Working as a freelancer certainly requires a lot of time and effort. First of all, you should familiarise yourself with some tricks of the trade to help find new leads and attracting clients. After getting to grips with some of the basics, it’s time to name your price.
Any freelancer would tell you that determining how much to charge a client is no easy task, especially because projects differ from client to client. Furthermore, have you ever thought about how best to manage your freelance income?
Let’s take a look at how to charge a client and what to do with your finances.
How to decide what to charge?
In order to pay yourself a salary as a freelancer, you need to be making some money. Deciding on your rates can be really tough. Many freelancers experience self-doubt, which may lead to you devaluing your work, charging far less than you should.
Calculating the price of a project should begin with the following points:
- location – the living cost of where you live
- the size of the client’s business
- the length of time you think a project may take
- your own level of experience and education
- travel cost – if any
If you could use a little more guidance, ask the client. It’s possible to sneak a ballpark budget out of a client before you suggest a final figure to them.
What should you pay yourself?
You’ve set your rates and you’re making money. What’s next?
It’s always a good idea to maintain two distinct bank accounts – your business account and your personal account. It’s then really easy (and very useful) to keep a spending diary of both business and personal costs per week or per month.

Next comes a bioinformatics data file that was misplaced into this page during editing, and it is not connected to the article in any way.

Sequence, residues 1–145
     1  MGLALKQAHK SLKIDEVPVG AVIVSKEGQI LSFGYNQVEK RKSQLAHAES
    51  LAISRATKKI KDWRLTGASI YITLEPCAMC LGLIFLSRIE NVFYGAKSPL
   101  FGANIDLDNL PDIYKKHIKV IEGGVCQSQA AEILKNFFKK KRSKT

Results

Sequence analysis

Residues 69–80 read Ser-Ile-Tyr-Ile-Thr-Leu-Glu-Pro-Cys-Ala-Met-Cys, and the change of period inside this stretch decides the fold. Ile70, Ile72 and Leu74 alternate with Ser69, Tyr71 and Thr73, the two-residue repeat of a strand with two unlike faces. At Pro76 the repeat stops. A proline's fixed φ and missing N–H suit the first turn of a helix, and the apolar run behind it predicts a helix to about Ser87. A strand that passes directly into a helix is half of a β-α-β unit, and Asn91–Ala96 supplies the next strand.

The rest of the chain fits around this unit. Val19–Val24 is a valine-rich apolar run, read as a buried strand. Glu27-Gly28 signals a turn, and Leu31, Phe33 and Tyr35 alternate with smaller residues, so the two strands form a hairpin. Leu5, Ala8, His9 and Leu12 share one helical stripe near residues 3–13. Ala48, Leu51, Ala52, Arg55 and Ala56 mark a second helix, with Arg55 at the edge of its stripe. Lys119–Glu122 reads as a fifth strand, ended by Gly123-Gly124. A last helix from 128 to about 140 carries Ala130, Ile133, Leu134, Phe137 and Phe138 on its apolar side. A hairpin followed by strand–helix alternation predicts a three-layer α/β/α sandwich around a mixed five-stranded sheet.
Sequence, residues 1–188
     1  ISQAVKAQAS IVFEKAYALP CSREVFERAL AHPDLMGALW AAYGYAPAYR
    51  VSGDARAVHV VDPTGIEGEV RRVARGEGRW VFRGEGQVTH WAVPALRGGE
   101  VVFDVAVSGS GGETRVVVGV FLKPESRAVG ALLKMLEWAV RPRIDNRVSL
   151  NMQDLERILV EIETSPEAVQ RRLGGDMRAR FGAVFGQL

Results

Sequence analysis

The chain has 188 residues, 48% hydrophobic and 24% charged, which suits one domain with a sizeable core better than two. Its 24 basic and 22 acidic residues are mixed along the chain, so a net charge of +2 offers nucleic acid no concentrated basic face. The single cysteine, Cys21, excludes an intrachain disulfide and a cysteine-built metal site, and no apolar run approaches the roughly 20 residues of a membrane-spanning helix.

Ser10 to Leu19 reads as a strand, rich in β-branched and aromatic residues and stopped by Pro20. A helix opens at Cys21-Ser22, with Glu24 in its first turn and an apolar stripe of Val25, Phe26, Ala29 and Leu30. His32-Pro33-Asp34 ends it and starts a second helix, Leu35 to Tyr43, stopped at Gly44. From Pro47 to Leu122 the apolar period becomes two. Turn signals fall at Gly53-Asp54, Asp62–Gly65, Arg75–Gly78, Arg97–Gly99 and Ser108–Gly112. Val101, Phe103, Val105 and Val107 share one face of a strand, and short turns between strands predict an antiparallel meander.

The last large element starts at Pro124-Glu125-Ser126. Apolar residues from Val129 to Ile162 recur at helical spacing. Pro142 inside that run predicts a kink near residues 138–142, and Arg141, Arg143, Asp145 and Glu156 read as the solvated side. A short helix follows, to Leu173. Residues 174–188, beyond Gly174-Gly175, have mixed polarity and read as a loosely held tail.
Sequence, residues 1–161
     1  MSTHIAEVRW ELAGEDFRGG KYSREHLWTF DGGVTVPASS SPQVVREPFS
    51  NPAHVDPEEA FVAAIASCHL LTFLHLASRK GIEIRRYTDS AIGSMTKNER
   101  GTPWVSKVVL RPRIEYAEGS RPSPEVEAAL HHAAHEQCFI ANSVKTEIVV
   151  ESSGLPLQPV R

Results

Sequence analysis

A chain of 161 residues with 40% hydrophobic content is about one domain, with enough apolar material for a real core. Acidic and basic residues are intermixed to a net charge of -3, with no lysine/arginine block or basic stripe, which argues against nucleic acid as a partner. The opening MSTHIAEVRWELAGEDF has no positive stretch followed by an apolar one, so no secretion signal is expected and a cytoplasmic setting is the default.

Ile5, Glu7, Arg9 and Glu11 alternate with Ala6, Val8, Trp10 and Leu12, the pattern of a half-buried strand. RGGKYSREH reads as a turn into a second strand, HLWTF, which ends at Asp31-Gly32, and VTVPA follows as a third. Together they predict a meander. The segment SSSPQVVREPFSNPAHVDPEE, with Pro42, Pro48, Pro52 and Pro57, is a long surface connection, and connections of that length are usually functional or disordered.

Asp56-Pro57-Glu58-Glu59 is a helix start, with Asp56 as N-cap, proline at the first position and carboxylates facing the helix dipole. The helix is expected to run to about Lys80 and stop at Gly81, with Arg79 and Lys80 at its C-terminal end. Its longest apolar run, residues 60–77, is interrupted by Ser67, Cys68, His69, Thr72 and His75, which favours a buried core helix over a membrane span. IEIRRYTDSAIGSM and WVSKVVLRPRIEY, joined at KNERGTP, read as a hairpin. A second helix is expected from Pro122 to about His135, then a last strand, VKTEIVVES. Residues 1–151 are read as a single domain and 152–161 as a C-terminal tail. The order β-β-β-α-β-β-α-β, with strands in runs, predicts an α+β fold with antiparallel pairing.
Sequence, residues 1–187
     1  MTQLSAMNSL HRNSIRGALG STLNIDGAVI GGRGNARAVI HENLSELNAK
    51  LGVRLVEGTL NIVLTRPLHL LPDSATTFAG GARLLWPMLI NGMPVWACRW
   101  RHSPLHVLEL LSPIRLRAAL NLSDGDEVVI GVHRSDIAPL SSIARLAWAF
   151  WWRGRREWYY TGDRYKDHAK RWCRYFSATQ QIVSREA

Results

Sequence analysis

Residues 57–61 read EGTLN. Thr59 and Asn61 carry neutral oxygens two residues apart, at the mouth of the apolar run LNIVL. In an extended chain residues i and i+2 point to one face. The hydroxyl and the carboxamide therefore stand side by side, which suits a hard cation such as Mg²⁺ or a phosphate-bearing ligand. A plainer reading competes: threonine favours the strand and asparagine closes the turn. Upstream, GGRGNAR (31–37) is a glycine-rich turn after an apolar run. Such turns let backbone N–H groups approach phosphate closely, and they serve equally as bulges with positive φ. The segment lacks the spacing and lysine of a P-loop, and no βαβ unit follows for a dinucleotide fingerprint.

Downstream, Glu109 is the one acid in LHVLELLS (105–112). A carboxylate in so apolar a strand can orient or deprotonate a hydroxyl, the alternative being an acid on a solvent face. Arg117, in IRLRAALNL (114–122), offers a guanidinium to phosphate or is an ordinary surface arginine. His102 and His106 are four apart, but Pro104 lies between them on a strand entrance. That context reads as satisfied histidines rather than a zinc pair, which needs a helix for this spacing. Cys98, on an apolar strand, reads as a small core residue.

Business costs might include a software subscription, a co-working space fee, tax. Not to mention putting aside a small percentage of your wage for the quiet times when jobs aren’t coming through.
Personal costs might include rent or mortgage payments, utility bills, groceries and general day-to-day living.
Now that you have a clear view of your finances, you need to take your monthly freelance income (on average) and deduct monthly business costs.
The figure you’re left with will hopefully be enough to cover your personal outgoings. If so, the cost of your personal outgoings (with maybe a little extra for non-essentials like socialising etc.) will be how much you pay yourself.
If the figure doesn’t cover your personal outgoings, you need to rein in the spending somewhere. Or find a way to make some extra cash.
What do you do with the surplus?
You might find yourself in the very enviable position of having some surplus cash left over at the end of each month, once business and personal expenses have been accounted for.
This extra income can help you live more comfortably. However, if you’re thinking with your business brain and know the importance of financial planning for freelancers, you’ll probably want to do one of two things.
- Invest back into the business
Cash reserves can be used for training and development, a marketing campaign or a software update. You could buy better equipment or build a new website.
Regardless of what you will spend your money on, investing back into your freelance enterprise will help to move it forward, which means you’ll be able to reach new clients and raise the price of your service in the future. This, in turn, means greater income, greater profits and a higher salary.
- Invest elsewhere
A second option is to look for investment opportunities elsewhere. As long as you’re giving your business the funds it needs to thrive, your freelance earnings could be doing much more than gaining nominal interest in a savings account.
The stock exchange and real estate are often the favoured places for people looking to invest. If you’re new to the game, do some research or check out some investing courses first. With the right knowledge and a bit of confidence, your freelance earnings could end up working for you.
About the author
Sienna Walker is a freelance writer and an ex-tutor who enjoys all things connected with self-growth and running a successful business. If you enjoy her writing, feel free to find her at @SiennaWalkerS and say ‘hello’.